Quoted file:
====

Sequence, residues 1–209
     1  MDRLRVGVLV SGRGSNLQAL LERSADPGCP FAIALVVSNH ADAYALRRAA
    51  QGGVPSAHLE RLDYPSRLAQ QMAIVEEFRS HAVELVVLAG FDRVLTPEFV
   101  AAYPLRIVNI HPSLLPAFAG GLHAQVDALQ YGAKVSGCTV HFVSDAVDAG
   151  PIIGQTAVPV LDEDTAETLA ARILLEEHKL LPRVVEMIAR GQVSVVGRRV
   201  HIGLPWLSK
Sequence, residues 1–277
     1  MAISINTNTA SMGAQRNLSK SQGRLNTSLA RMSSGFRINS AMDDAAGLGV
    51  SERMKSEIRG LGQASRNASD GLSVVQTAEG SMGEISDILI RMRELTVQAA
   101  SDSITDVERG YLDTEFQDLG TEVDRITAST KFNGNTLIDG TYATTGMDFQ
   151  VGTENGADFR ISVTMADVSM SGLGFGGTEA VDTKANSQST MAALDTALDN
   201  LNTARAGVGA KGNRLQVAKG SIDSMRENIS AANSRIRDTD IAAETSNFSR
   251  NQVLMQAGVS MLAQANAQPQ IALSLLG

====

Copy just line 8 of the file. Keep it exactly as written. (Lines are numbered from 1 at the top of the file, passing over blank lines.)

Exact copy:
     1  MAISINTNTA SMGAQRNLSK SQGRLNTSLA RMSSGFRINS AMDDAAGLGV